The home office deduction under IRC §280A has been a willing participant and giver of headaches for most taxpayers since its early adoption in 1976 as part of the Tax Reform Act of 1976. However due to the various abuses of the deduction and colorful history most tax professionals have given an early burial to an alive and vibrant tax deduction. In 1993, the Supreme Court case of Commissioner v. Soliman, 506 U.S. 168 (1993) changed the landscape and perception of the deductibility of the deduction by tax professionals. In the Soliman case, the Commissioner challenged the home office deduction taken by Dr. Soliman, an anesthesiologists working as a subcontractor for various hospitals. Dr. Soliman claimed as an independent contractor that his home was used as his principal place of business because the hospitals he contracted with did not offer office space for him to conduct his administrative paperwork. Commissioner v. Soliman, (1993). Moreover Dr. Soliman contended the office he used in is three-bedroom apartment was used exclusively for business purposes and included administrative duties, conducting medical research and consulting with other medical professionals. All of the mentioned activities met the exclusive-use test however a different result was reached with regard to the principal place of business test.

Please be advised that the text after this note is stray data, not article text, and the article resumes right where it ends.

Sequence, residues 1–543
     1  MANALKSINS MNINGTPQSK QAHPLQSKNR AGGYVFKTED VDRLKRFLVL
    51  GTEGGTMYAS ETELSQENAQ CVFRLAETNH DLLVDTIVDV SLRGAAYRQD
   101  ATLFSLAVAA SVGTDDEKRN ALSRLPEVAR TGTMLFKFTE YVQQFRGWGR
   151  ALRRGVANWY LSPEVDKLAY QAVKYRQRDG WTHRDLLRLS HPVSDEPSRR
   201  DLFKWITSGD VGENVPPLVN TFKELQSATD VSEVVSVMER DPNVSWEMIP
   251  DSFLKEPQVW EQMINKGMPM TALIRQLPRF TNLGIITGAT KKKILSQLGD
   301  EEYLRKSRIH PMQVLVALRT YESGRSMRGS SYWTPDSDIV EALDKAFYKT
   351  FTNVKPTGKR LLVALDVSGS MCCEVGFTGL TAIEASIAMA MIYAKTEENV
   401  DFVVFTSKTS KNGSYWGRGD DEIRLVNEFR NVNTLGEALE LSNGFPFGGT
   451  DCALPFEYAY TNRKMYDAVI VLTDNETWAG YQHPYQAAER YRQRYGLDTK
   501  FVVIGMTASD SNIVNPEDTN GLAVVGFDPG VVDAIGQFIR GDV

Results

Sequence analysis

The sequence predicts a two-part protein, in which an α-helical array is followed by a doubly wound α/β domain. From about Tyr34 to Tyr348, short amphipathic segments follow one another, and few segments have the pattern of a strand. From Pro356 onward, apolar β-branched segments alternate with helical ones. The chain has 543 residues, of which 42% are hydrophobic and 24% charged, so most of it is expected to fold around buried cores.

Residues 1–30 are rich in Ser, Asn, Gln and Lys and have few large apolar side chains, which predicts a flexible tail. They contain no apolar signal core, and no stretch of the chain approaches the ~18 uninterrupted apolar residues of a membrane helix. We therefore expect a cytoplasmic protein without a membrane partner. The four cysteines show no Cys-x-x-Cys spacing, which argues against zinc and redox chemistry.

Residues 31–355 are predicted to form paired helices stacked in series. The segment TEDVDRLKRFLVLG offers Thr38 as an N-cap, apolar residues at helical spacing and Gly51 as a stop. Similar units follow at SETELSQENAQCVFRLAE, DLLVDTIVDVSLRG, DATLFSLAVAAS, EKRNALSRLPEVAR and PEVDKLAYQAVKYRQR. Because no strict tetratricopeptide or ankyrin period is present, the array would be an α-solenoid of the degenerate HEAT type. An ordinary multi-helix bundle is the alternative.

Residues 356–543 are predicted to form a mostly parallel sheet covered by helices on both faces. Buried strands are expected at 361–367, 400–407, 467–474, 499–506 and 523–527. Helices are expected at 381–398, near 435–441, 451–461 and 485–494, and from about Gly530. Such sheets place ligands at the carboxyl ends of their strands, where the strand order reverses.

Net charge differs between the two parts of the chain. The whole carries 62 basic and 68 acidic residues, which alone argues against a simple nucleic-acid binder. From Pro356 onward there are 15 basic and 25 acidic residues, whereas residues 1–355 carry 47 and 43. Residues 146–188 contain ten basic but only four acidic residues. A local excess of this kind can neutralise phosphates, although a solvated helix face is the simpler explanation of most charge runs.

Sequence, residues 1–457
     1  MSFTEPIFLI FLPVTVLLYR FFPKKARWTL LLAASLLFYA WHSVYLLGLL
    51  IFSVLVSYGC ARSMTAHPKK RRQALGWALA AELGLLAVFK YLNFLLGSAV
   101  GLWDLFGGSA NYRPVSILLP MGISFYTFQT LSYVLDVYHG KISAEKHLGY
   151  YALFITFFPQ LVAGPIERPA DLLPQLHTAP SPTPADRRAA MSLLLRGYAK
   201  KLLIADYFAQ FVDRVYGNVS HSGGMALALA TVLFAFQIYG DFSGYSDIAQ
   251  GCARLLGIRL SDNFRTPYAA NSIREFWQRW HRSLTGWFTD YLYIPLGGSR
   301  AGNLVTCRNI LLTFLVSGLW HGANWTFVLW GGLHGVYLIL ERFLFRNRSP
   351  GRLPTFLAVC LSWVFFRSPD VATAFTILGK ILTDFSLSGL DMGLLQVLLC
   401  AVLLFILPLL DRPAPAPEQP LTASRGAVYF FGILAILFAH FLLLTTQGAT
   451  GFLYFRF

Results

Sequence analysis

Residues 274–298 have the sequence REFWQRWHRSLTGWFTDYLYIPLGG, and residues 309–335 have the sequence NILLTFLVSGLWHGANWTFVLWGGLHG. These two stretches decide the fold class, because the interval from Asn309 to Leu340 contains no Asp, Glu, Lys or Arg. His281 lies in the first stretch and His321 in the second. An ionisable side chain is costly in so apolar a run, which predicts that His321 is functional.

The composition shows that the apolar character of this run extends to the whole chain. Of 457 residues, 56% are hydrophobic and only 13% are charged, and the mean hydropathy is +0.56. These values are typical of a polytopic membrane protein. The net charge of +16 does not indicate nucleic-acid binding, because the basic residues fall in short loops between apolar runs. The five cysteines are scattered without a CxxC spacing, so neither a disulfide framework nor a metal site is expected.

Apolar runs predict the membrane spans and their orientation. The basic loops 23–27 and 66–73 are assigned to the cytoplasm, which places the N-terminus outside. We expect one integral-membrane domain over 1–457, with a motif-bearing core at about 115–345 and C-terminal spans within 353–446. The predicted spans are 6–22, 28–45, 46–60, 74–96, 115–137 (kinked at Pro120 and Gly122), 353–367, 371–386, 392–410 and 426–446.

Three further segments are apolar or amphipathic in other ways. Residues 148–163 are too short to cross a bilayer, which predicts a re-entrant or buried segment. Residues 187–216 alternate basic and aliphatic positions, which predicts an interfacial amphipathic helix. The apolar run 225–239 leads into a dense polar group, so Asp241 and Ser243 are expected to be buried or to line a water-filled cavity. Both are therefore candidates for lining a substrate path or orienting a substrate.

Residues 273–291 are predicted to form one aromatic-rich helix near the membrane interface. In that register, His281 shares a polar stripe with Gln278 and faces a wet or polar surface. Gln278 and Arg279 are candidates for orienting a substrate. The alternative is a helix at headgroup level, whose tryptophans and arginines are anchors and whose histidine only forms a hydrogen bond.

The Court used a facts and circumstance test stating the inquiry is more subtle with the ultimate determination of the principal place of business being dependent upon the particular facts of each case. Commissioner v. Soliman, (1993). Thus an analysis of the relative importance of the functions performed at each business location depends upon an objective description of the business in question. The Court further stated if the nature of the trade or business requires the taxpayer to meet or confer with a client or patient or to deliver goods or services to a customer, the place where that contact occurs is often an important indicator of the principal place of business and can be called the “focal point” of the business. Commissioner v. Soliman, (1993).